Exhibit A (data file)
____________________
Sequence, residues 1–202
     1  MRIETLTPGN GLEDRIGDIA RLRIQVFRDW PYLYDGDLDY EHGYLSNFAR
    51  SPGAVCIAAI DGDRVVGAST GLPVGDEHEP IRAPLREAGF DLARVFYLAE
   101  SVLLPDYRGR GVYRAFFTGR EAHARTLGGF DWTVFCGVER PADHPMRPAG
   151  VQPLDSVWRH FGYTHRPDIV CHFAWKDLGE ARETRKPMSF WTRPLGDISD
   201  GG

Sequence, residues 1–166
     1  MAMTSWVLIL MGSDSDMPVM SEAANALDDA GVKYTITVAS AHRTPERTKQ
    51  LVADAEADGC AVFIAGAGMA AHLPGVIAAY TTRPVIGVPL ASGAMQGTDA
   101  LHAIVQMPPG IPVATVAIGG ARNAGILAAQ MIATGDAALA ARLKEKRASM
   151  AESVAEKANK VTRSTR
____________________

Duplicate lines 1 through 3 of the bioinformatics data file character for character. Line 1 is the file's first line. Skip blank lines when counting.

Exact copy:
Sequence, residues 1–202
     1  MRIETLTPGN GLEDRIGDIA RLRIQVFRDW PYLYDGDLDY EHGYLSNFAR
    51  SPGAVCIAAI DGDRVVGAST GLPVGDEHEP IRAPLREAGF DLARVFYLAE